Wednesday, December 10, 2014

Revamping of Planning Commission Panel



As of now, Modi is firmly in the saddle in his new job of ruling the country. Wherever he finds nooks, he is putting his best efforts either to change or alter the same. The latest one is related to his government’s dictum to revamp the Planning Commission panel with a new fruitful structure.  On last Sunday, Modi and his NDA government decided to bury the present structure of the Planning Commission before 26th January, 2015.  Most of the non-congress chief ministers have vehemently supported this school of thought.  Barring the Congress led states and the Bihar government controlled by Nitish Kumar, the spontaneous support of  all other chief ministers  for this  strategical political decision will provide Modi an enough elbow to implement this revamping proposal.

The Prime Minister, as per his nature, to consult each and everyone before making any new decision of important dimension for the benevolence of the country and its people, discussed this sensitive issue of the futuristic role of the Planning Commission panel with the chief ministers and then announced the outcome to replace the same with a new entity. Of course, he will be formally announcing this political issue related to governance in his speech on the ensuing Republic Day.  He emphatically expressed that time has come for a new approach of “bottom to top” revamping the top down approach. In this new approach, the states will be given more dominating roles to pursue their cases with more thrust and vigor.  This formula is basically to implement the federalism culture and think for a more “Team India” concept.  Despite the strong protests bestowed upon by the Congress chief ministers, Modi had cited  his predecessor Manmohan Singh’s views in this respect.  Based on Singh’s rich experience of holding the post of Deputy Chairman of Planning Commission, Modi says, “Singh is very clear that the role of the Planning Commission is very much limited in the post-reforms period as they lack the vision of futuristic growth.”  Modi says that the Planning Commission must reinvent themselves to remain more vibrant and show effectiveness in discharging their responsibilities in the present days scenario.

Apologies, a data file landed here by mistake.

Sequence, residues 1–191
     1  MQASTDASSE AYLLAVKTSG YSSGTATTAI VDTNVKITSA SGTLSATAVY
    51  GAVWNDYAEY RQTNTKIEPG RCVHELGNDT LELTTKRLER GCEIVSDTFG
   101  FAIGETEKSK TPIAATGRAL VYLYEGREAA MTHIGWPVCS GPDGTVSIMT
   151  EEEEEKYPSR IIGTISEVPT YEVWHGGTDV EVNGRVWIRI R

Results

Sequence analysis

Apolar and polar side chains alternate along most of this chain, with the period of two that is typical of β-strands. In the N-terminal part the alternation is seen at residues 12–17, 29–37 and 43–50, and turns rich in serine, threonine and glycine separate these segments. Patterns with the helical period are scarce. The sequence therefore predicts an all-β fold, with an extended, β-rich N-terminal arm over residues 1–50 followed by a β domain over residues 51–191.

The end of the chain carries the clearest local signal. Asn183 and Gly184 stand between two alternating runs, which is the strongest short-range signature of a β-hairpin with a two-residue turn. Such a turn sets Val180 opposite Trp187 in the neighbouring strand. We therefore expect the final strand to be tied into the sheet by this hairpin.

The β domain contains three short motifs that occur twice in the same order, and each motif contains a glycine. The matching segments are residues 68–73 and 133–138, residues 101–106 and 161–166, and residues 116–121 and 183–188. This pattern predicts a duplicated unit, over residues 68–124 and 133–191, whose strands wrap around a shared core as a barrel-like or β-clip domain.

Of course, Jaitley has informed the media that there is no clear cut deadline to revamp, but there is news from the inner circle of the government that the new entity will be in place within a couple of weeks.  This new structure of the Planning Commission will be represented by a few chief ministers, central ministers and experts.

Apart from this issue of the Planning Commission, Modi has been pondering to revamp many unwanted rules, which are difficult to enforce.  In many of his recent election campaigns, he narrated that it is an ideal phenomenon to replace ten unwanted rules and simplify the same by a one prolific and workable rule.  Not only, it will enfetter the common public, but also the same will reduce the tenacity of corruption, mass evasion of legislations and misusage of various meaningless and obstinate rules. The proposal of an anti-smoking rule is a glaring example. The government is considering to reduce the sales of cigarettes by controlling the loose cigarette sales in the retail outlet and also to increase the age limit permitted to smoke. How far it is justified to control and monitor this proposition to reduce the smoking, which is no doubt is injurious to health, even a boy of average sense and intelligence will doubt and smile. So, it will not be a wise proposal  and it is advisable  not to implement this type of rule. 

Considering the coffer’s position of the central government and dishevel condition of the financial statistics of the various states and the country as a whole, Modi has to take these types of  unpleasant decisions and at times, he may have to sacrifice his popularity. It is but natural that he has to stop these unproductive activities, which are direction less, not yielding productive results and wasting  his minister’s precious time and resources. The rules are framed for the purpose of good governance and expedite and increase the effectiveness of governing the people, but if the same rules become detrimental, the productive results will be nil and counter effective. So, taking this decision to bury the panel of the Planning Commission is a laudable and attractive one, considering the fact that many more reforms of this nature are going to be announced by Modi’s government in the near and distant future.

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